Cambodia has a rich silk-weaving history, with evidence found on some of the etchings that adorn the walls of Angkor Wat. However, recent history led to the ancient art teetering on the brink of extinction. The past few decades have seen great efforts to revive the trade, with Artisans Angkor in Siem Reap retraining communities. The organisation offers free daily tours of its silk farm. When buying Cambodian silk, it often pays well to steer clear of the markets, where cheap fakes imported from Vietnam and China are often masquerading as Cambodian silk. Instead, head to one of the many boutiques that sell the real deal. Lotus Silk in Phnom Penh is bursting with silk scarves, clothes and accessories in a range of designs and colours.
Trash is a problem across the globe, and in Cambodia, it’s no different – visitors are encouraged not to accept the unnecessary volume of plastic bags dished out across the country during their travels. Thankfully, there is an army of NGOs and organisations employing underprivileged communities to convert waste into a delightful collection of purses, bags, wallets, passport holders and other accessories. Friends International’s Friends’N’Stuff stores sell a funky range.
Investing in art isn’t going to break the bank in Cambodia, with plenty of affordable pieces waiting to find a home. In Phnom Penh, the stretch of Street 172 between Monivong Boulevard and Sothearos Boulevard is home to several art shops and galleries. While the majority sell traditional landscapes portraying glorious Angkor Wat or the pristine Cambodian countryside, an increasing number of galleries are popping up showcasing an exciting range of work from the country’s emerging contemporary scene.
Stone and wood carvings
Cambodia has a rich history in carving, both with wood and stone. Just take a look at Angkor Wat and other ancient temples, where intricate carvings decorate the walls. Visitors can see carvers across the country hunched over blocks of wood and stone as they chip, carve and create stunning works of art. While the huge Buddha heads that often line the pavements in front of workshops may be too heavy to take home, there will be plenty of smaller and lighter options available inside. Again, Artisans Angkor in Siem Reap is a good place to learn about the trade and meet some of the artisans at work.
There’s no way you can leave Cambodia without a pouch of Kampot pepper in your suitcase. Used by top chefs in kitchens across the globe, the premium pepper is organically grown in Kampot – where the soil is super fertile – in green, black, white and red varieties. As the peppers’ popularity has risen, there has also been an increase in the sale of fake Kampot pepper, so take care when buying it. The best way to make sure it’s the real deal is to go straight to the source and visit one of the many farms found in Kampot and Kep.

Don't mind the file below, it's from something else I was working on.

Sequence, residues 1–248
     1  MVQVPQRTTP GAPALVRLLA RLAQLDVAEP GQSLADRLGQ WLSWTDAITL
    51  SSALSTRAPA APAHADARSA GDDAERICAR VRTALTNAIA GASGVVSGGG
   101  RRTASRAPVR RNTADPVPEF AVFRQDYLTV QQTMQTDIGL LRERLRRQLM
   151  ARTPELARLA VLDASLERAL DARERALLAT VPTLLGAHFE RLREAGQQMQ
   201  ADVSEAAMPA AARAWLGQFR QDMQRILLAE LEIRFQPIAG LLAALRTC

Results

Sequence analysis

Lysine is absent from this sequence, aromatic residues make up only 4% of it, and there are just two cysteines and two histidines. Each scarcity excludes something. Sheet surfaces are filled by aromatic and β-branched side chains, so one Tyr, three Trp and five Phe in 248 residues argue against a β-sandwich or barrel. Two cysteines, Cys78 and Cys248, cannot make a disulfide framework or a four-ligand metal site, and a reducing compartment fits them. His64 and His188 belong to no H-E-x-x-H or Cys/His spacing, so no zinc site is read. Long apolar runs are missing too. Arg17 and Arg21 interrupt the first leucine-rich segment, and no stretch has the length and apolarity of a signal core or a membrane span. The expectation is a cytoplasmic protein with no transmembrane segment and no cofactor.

The Cambodian countryside is studded with sugar palm trees. In fact, they’re so common that they are the country’s national tree. In order to collect the product, men climb up the trunk to cut the fruit from the treetops. The sap is then extracted and heated in a large metal pot until it turns into a thick paste, which is then left to solidify into blocks of palm sugar; this is then used as sugar, or transformed into a variety of other items. Confirel is one Cambodian company that has sweetened up the ingredient, also creating candles and wine.
If you’re looking for something quintessentially Khmer, then look no further than the krama. Visible everywhere across the country, this cotton or silk scarf traditionally comes in red and white checks, with many other modern versions available today. The multipurpose scarves are wrapped around heads, waists and necks, draped across shoulders, used to carry babies and other items, and pretty much anything else that they might have a use for. Again, kramas come in varying qualities, prices and patterns, with the cheapest starting at about $1 in the markets.
Silver jewellery is especially common in Cambodia, with several artisan jewellery designers tapping into the country’s tragic past to forge a brighter future. Angkor Bullet Jewellery is one such example. Made of a group of vulnerable Cambodians with disabilities, who live on the outskirts of Siem Reap, the collective creates unique jewellery fashioned from recycled bomb casings left over from the war. The result is a range of rings, bracelets, necklaces, earrings and other accessories.
Silversmithing is another traditional trade that has undergone a revival in the past couple of decades, with the country now a treasure trove for those wanting to take home some silverware. From large plates with intricate designs to a range of ornate boxes, ornaments and other trinkets, this is another great souvenir to pack in the suitcase.
The ancient art of lacquer is another perfect piece of Cambodia to take back home. Also having roots that stretch back centuries, today’s artisans are creating a stunning range of work that seamlessly combines traditional techniques with modern designs. These range from decorative lacquer boxes and statues of Buddha to bowls and ornaments. The process is lengthy, taking between five and seven days to complete before being left to dry for three days. Theam’s House in Siem Reap has a range of lacquer products for sale, as well as a workshop that visitors can walk around to see the process first-hand.